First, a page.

1. Kolombangara Island where Capt. Cecil and others were rescued July 7, 1943 2. Kula Gulf were the CL 50 was sunk July 6, 1943 3. Vella Lavella were 165 officers and men were stranded be be rescued July 16, 1943 4. Ranongga Island were the remains of General Preston Douglas S1c USS Helena CL 50 were found in 2006. 5. Blackett Stright were John F. Kennedy’s PT 109 was sunk August 2, 1943. 6. Randova Island PT 109’s base.
The information and map above provided by Shipmate Charlie McClellend, USS Helena CL-50.
For the landing on New Georgia, Admiral Turner’s attack force (Task Force 31) consisted of ships and landing craft from the South Pacific or III Amphibious Force (Task Force 32), plus the ground troops. These troops, designated the New Georgia Occupation Force, initially included the following units:
9th Marine Defense Battalion
1st Marine Raider Regiment (less two battalions)
136th Field Artillery Battalion (155mm. howitzers), 37th Division
Elements of the 70th Coast Artillery Battalion (Antiaircraft)
One and one-half naval construction battalions
Elements of the 1st Commando, Fiji Guerrillas
Naval base detachments
A boat pool
Helena CL-50 (Foreground); St. Louis CL-40 (Middle); Honolulu CL-48 (Background) – Kula Gulf
5-6 July – The first run by the Japanese, with 2,400 troops was intercepted by RAdm. Ainsworth with 3 light cruisers ; the USS Helena, St. Louis and Honolulu, and 4 destroyers of TF-18, the Nicholas, O’Bannon, Radford and Jenkins. This was labeled the Battle of Kula Gulf. (link for further detailed info)
As visibility was down to 7,000 yards, the IJN destroyer and flagship Niizuki sank with Adm. Akiyama on board. The Suzukaze and Tanikase received damaged, but remained in the battle. Three torpedoes hit the USS Helena and also the destroyer, Strong. The Japanese ships, Satsuki and Nagatsuki, raced to Vila to unload their men and cargo; the Nagatsuki was later sunk. After the battle, other enemy ships unloaded their cargo while rescue missions commenced on both sides.
13 July – The second Japanese supply convoy came at night off Kolombangara Island. The enemy skill of night flying and detecting radar signals was made apparent. TF-18 sank the flagship cruiser of RAdm. Tanaka, the Jintsu, but lost the destroyer Gwyn and the New Zealand cruiser Leander was heavily damaged. About 2,000 additional Japanese were put ashore on New Guinea, while the Australian troops took the Mumbo enemy stronghold.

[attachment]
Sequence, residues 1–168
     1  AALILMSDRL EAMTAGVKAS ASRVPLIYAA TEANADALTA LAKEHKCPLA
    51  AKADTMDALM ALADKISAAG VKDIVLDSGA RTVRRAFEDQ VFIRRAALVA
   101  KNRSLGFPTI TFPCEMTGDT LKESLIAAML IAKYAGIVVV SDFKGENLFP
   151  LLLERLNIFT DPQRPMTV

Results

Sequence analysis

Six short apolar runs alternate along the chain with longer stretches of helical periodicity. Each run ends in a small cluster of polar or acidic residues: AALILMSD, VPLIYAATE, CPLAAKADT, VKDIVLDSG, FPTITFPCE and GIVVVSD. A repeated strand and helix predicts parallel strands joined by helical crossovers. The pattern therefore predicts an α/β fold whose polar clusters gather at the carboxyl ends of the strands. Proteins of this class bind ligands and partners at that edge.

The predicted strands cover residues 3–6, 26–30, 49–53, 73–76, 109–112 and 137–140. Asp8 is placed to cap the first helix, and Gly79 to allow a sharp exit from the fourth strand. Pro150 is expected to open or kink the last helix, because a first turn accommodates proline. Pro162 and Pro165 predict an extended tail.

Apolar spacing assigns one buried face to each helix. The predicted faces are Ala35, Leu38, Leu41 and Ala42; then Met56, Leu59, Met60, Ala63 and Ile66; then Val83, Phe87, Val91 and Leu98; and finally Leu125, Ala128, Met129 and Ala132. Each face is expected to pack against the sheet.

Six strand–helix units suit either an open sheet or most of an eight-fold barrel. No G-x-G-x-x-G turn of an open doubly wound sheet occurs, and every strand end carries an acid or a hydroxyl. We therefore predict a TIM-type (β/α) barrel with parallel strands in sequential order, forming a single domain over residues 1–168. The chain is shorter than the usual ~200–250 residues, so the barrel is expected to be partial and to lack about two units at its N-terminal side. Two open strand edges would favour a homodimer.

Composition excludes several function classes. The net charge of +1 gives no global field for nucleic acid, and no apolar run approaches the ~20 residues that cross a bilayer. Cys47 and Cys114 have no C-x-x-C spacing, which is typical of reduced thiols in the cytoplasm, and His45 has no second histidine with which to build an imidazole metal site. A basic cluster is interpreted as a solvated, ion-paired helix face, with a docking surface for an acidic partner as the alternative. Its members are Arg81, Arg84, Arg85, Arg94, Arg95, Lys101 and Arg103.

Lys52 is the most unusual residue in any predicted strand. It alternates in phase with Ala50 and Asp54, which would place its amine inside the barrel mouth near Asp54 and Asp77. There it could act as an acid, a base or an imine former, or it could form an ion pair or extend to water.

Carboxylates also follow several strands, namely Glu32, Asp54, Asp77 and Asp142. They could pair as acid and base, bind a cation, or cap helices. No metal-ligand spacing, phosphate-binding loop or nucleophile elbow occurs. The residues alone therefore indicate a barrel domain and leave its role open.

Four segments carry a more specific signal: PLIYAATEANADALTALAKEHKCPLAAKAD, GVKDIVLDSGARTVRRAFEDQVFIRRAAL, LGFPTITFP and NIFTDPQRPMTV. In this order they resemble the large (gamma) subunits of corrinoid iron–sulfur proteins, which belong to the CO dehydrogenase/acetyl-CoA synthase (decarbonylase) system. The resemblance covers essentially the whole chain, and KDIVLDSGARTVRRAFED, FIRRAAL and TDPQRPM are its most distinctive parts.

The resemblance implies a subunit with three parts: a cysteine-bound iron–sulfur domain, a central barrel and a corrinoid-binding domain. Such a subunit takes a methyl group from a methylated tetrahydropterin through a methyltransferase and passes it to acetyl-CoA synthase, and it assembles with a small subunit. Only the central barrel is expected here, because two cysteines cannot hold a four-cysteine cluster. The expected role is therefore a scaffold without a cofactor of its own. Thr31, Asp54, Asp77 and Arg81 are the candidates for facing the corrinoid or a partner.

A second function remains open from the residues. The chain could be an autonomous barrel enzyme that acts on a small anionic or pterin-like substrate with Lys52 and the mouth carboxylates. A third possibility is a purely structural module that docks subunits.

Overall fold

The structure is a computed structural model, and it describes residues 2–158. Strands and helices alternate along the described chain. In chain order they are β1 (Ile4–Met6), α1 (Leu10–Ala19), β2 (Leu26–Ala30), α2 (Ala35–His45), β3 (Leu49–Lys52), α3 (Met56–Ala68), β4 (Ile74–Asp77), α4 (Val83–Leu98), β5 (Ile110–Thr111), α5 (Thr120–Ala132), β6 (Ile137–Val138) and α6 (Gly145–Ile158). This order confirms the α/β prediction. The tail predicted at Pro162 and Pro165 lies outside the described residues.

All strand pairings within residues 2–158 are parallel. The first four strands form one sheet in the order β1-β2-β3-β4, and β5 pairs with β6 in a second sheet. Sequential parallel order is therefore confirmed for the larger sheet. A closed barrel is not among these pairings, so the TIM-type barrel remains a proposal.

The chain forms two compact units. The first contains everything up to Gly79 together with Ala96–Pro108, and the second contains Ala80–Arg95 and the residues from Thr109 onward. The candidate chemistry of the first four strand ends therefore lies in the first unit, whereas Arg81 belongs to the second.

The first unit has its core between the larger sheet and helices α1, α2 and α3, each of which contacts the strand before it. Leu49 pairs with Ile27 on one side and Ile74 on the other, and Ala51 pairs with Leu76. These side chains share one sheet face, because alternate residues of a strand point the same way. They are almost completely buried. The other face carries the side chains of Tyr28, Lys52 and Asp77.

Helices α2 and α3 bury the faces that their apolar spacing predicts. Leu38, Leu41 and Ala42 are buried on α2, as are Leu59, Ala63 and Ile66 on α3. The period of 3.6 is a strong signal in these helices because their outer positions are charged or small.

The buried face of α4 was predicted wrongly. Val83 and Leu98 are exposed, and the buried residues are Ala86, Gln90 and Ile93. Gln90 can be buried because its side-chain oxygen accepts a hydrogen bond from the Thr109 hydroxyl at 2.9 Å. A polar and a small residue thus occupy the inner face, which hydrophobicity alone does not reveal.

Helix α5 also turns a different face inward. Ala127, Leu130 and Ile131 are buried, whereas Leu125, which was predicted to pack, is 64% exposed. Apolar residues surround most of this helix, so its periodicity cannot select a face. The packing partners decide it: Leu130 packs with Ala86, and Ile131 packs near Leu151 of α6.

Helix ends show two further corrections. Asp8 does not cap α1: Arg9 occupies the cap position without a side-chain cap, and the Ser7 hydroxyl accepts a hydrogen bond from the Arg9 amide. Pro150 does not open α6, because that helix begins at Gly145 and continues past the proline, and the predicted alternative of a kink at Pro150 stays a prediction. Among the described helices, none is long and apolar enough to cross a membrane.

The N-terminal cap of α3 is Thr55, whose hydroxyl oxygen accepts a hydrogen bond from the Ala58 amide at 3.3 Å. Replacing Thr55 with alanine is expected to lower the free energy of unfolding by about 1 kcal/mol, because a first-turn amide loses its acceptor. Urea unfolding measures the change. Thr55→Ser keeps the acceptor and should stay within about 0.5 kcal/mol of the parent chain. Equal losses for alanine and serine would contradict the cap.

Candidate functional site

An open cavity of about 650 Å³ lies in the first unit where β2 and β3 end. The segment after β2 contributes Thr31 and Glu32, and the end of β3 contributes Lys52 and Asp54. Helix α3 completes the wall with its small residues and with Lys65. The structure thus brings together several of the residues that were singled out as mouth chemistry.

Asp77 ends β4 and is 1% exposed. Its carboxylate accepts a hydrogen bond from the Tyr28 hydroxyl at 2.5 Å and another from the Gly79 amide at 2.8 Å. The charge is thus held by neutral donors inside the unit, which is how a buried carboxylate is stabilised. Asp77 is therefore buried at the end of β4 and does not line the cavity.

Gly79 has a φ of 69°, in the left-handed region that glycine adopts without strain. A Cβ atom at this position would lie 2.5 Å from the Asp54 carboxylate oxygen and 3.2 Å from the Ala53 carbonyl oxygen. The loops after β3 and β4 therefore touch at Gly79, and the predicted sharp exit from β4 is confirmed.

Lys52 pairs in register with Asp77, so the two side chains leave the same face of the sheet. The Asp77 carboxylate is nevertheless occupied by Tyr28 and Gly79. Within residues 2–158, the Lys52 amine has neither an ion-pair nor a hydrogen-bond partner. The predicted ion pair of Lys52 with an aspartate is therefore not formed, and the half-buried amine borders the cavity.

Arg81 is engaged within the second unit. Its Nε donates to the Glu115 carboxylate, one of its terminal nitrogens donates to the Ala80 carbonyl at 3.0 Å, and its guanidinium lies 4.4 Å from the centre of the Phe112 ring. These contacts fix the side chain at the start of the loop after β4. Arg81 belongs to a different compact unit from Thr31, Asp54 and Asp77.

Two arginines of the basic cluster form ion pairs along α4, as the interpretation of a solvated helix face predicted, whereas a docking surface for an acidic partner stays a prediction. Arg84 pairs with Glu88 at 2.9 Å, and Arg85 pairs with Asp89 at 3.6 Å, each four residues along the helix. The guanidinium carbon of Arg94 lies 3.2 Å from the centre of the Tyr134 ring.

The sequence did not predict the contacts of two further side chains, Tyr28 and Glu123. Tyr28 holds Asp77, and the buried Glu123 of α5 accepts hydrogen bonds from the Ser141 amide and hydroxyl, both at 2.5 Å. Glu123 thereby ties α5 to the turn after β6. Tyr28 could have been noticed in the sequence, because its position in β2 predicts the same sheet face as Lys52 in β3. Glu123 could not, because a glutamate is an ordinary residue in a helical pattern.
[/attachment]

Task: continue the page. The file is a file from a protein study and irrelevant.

How Marines saw Rendover
15 July – The Japanese had 45 aircraft downed over Rendover at New Georgia. The Americans lost 3 planes.
17 July – in the Solomon Islands, more than 200 Allied aircraft, including B-17s made a 12 hour attack on Japanese shipping and military positions in and around Bougainville. This successful action downed 49 enemy planes in the air and destroyed many more on land at Kahili airfield. Dauntless dive-bombers and Avenger torpedo bombers took out 7 vessels in Buin-Faisi Harbour, including a light cruiser and a destroyer at a cost of 6 aircraft.
New Georgia, 1943
25-31 July – US forces at New Georgia began an offensive attack. Enemy troops, in camouflaged pillboxes needed to be pried out with tanks and flamethrowers. Such areas as Horseshoe Hill were taken and then lost after bloody hand-to-hand combat. On the 29th, MGen. Hester was replaced by MGen. John Hodge as commander of the US 43rd Division and there would 10 more days of close combat.
German U-boat 168 located off Jakarta (Once known as Batavia, Dutch West Indies) – The Daily Mail, reported that divers off the Indonesian coast had discovered a Nazi U-boat wreckage of WWII with at least 17 skeletons of its lost crew aboard. According to the initial findings, it is the U-168, the German type IX C/40 U-boat commissioned on 10thSeptember 1942 and was commanded by Captain Helmuth Pich.
The 42nd Bomb Group served as the only B-25 Mitchell outfit in the Thirteenth Air Force during World War II. Going into combat in the Solomon Islands in the summer of 1943, the Crusaders took part in the drive to Bougainville and the isolation of Rabaul. After that campaign, the Thirteenth Air Force moved to New Guinea and became part of FEAF. The 42nd finished the war operating in the Southern Philippines and supporting not only the ground effort there, but also the invasion of Borneo in the Dutch East Indies.